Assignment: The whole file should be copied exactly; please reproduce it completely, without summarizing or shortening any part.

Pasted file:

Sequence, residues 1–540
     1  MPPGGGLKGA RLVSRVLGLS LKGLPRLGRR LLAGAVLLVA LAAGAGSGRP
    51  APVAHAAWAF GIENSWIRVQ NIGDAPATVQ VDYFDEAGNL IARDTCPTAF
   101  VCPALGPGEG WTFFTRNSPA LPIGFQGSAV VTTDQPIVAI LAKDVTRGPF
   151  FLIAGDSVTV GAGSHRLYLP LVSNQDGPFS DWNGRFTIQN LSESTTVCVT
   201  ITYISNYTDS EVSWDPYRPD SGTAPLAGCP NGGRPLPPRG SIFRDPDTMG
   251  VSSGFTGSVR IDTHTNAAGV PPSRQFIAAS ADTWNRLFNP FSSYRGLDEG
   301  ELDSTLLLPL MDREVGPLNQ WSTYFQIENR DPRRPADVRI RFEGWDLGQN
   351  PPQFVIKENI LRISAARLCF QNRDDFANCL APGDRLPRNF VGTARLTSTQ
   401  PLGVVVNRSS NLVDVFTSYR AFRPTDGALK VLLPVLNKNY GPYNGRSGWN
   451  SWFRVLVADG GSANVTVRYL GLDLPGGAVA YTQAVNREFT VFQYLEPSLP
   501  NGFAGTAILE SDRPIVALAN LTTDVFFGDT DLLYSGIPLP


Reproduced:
Sequence, residues 1–540
     1  MPPGGGLKGA RLVSRVLGLS LKGLPRLGRR LLAGAVLLVA LAAGAGSGRP
    51  APVAHAAWAF GIENSWIRVQ NIGDAPATVQ VDYFDEAGNL IARDTCPTAF
   101  VCPALGPGEG WTFFTRNSPA LPIGFQGSAV VTTDQPIVAI LAKDVTRGPF
   151  FLIAGDSVTV GAGSHRLYLP LVSNQDGPFS DWNGRFTIQN LSESTTVCVT
   201  ITYISNYTDS EVSWDPYRPD SGTAPLAGCP NGGRPLPPRG SIFRDPDTMG
   251  VSSGFTGSVR IDTHTNAAGV PPSRQFIAAS ADTWNRLFNP FSSYRGLDEG
   301  ELDSTLLLPL MDREVGPLNQ WSTYFQIENR DPRRPADVRI RFEGWDLGQN
   351  PPQFVIKENI LRISAARLCF QNRDDFANCL APGDRLPRNF VGTARLTSTQ
   401  PLGVVVNRSS NLVDVFTSYR AFRPTDGALK VLLPVLNKNY GPYNGRSGWN
   451  SWFRVLVADG GSANVTVRYL GLDLPGGAVA YTQAVNREFT VFQYLEPSLP
   501  NGFAGTAILE SDRPIVALAN LTTDVFFGDT DLLYSGIPLP